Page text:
After the loss of volunteer expertise and independence with the abolition of community health councils—many will remember that I had quite a hand in the campaign and argument against abolition, and we did achieve a stay of execution for a year—patient forums have had a turnover of 62 per cent. in just three years. Too many good independent people who want to help their local NHS have been turned off by poor training, bureaucratic interference and a lack of real influence.

One reason given for abolishing CHCs was that the volunteers who staffed them were not representative of the general public. On 15 January 2002, the then Under-Secretary of State for Health who is now the Minister without Portfolio stated:

"The commission will go out into communities and hear those different voices and draw in those socially excluded groups and marginalised communities."—[Hansard, 15 January 2002; Vol. 378, c. 226.]

I hope that this Minister is ready today, given that the issue is part of the Health Committee's report, to tell us what evidence he can show for the CPPIH having had any success in recruiting and training people from hard-to-reach groups.

The Minister will know that the Conservatives fought tooth and nail against the abolition of CHCs, trying to protect patients and keep the Government accountable. It is important that none of us is afraid of having effective accountability structures in the NHS, and it is doubly important that patients and professionals are trusted, because the alternative—centrally micro-managing everything—is patently causing a diminution in morale and trust. The Health Committee said that the Minister's view that practice-based commissioning would improve patient and public involvement in health care was not firmly based in any evidence. I hope that the Minister can make such evidence immediately available.

I hope that the Minister will also clarify the impact of PCT mergers on resource allocations. In some areas of the country, PCTs serving more deprived areas have merged with PCTs serving less deprived areas. That is one reason why we managed to resist Cheshire West PCT going into an organisation covering the whole of the rest of Cheshire. Apart from anything else, it would have lost its accountability for the disaster that it had created. How will the Government ensure that, within the new structure, the more deprived areas continue to receive the funding that they need, without creating large sub-bureaucracies in the new PCTs and masking accountability? My hon. Friend the Member for Wellingborough made that point very effectively, among others, in relation to the Rushton example.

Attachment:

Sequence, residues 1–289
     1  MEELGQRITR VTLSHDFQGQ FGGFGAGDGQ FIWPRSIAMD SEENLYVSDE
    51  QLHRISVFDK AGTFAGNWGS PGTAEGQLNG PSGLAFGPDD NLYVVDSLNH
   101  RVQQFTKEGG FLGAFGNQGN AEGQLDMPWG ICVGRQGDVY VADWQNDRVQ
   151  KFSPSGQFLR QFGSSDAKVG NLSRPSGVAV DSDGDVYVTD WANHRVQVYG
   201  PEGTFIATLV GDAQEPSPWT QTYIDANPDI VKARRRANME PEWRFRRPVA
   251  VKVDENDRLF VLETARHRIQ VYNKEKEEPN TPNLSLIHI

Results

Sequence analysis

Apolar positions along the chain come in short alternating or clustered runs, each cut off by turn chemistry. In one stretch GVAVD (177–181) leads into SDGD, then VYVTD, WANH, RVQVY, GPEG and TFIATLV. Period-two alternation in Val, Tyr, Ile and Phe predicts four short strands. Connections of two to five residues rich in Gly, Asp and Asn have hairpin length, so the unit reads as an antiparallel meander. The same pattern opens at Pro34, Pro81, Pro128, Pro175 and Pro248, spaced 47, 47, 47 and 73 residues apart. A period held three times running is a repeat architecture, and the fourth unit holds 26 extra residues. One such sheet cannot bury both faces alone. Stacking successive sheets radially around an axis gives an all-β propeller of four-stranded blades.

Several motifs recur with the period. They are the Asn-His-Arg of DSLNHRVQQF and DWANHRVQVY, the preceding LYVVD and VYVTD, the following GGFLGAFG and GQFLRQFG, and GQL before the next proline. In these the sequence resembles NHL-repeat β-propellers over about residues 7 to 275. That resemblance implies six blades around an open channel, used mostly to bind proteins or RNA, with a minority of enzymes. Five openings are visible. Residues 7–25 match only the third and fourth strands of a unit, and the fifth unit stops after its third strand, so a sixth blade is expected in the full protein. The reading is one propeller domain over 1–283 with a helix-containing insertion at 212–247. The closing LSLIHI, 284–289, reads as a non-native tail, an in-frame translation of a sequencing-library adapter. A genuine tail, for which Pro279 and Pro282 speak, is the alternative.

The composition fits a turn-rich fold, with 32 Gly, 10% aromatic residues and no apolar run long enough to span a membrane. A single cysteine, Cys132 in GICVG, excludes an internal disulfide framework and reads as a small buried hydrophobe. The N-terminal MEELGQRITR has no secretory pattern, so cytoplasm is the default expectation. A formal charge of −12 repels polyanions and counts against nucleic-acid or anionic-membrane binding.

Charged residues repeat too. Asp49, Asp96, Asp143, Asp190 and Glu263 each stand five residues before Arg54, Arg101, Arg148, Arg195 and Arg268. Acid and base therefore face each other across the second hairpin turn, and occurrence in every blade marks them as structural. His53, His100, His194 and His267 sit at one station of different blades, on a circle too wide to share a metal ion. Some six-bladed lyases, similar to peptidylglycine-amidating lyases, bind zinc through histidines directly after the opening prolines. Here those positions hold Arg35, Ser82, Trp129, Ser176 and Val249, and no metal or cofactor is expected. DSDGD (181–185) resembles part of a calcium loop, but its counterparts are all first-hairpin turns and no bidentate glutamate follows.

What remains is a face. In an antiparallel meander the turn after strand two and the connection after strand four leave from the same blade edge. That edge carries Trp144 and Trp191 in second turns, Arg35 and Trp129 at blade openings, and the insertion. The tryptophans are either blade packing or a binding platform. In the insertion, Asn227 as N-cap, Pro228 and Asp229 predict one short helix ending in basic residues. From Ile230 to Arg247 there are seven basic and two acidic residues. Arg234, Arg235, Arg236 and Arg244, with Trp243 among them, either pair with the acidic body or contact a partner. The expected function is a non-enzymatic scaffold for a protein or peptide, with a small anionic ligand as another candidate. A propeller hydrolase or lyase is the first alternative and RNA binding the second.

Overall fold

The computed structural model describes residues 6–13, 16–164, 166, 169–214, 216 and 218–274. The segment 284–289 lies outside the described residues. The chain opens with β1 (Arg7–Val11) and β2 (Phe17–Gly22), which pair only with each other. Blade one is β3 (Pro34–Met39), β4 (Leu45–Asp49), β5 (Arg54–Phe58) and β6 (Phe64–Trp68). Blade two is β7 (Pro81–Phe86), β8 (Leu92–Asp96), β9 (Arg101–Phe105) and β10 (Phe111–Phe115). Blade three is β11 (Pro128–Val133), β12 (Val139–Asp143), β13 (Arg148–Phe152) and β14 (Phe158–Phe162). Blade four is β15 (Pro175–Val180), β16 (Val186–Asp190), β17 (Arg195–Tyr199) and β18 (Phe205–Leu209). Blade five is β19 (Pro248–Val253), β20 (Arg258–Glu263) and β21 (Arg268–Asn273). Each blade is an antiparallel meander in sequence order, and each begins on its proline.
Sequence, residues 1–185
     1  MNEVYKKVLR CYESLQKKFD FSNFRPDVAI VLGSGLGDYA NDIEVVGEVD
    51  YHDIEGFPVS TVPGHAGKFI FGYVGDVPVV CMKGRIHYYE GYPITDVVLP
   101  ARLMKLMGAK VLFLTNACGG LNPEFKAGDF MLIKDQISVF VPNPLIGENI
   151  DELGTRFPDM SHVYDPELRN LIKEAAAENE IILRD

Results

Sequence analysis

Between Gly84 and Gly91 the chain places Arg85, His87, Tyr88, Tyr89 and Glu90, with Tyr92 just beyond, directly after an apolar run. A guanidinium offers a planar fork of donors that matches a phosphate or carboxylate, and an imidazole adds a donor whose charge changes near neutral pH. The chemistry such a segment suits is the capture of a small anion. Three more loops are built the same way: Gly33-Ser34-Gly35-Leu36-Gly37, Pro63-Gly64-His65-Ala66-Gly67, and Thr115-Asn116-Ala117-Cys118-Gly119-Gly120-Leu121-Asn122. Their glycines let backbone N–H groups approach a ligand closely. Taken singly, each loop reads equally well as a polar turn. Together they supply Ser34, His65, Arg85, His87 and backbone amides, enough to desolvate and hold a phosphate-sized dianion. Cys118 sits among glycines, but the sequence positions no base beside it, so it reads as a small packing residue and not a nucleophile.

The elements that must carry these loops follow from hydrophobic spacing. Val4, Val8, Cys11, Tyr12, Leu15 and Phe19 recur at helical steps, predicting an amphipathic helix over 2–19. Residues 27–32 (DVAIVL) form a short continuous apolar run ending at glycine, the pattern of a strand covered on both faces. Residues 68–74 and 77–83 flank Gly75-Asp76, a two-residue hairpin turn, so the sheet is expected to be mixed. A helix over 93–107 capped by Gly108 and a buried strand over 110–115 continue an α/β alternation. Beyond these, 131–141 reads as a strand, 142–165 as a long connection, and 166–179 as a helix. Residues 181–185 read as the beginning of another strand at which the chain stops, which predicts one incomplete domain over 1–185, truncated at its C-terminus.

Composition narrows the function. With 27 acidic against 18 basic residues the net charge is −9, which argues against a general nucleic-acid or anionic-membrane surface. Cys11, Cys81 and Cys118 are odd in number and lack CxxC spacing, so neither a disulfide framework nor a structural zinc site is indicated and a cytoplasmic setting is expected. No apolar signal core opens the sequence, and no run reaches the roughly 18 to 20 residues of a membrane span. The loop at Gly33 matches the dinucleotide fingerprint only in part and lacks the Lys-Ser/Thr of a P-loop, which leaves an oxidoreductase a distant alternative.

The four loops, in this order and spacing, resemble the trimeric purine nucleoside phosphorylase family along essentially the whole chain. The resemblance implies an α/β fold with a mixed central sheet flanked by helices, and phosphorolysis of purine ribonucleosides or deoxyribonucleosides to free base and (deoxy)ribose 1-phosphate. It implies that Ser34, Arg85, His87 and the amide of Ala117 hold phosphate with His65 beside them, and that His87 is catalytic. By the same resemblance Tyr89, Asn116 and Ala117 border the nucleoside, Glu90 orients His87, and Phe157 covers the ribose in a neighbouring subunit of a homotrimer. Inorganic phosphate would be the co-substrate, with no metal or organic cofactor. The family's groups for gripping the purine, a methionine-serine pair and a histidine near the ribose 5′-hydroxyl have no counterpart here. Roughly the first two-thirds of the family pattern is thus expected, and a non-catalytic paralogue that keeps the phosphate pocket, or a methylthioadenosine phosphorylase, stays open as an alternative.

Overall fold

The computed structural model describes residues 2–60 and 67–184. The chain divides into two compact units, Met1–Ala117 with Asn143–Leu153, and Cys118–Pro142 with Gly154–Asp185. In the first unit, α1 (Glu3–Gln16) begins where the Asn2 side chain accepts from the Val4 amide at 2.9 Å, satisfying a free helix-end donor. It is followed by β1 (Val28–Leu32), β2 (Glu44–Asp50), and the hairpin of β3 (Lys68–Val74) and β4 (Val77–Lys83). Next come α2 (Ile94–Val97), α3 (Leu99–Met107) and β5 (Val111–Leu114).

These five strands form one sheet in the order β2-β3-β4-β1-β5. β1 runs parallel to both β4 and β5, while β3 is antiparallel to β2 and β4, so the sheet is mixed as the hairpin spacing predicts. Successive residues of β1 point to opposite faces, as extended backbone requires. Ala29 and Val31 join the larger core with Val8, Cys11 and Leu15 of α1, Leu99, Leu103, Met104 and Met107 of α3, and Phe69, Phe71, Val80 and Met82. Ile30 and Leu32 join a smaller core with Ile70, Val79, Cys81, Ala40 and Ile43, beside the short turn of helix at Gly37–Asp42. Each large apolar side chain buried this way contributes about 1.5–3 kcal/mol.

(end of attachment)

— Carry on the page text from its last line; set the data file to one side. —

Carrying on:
I seek an assurance from the Minister that when the Government say "Separate PCTs", they mean separate PCTs in every case, with separate boards, chairmen, chief executives and secretariats. As he has today, my hon. Friend Mr. Walker raised that in a point of order on 14 June concerning the two new PCTs in Hertfordshire, but none of us has yet heard an answer from the Department. We hope that an answer will be forthcoming in the next few minutes.

The changes to primary care trusts are the result of a rushed, centralised and, in large part, predetermined consultation and have thrown up a vast number of concerns relating to public health, patient and public involvement, resource allocation and the very future of PCTs. The Government have done little to clarify the grey areas in their policy or to address our concerns or those of the Health Committee over the past six months.

Most tellingly, the Health Committee report recommended that a central change agency be established. Surely the agency responsible for strategic oversight of the NHS is the Department of Health. I dare say that the Committee might not have called for such an agency had it felt that the Department of Health was functioning appropriately. The Department and its Ministers have been too busy micro-managing the NHS and, I fear, chasing headlines to concentrate on a coherent policy that puts patients, the public, in each of their recognised localities, and front-line health care professionals in our NHS first.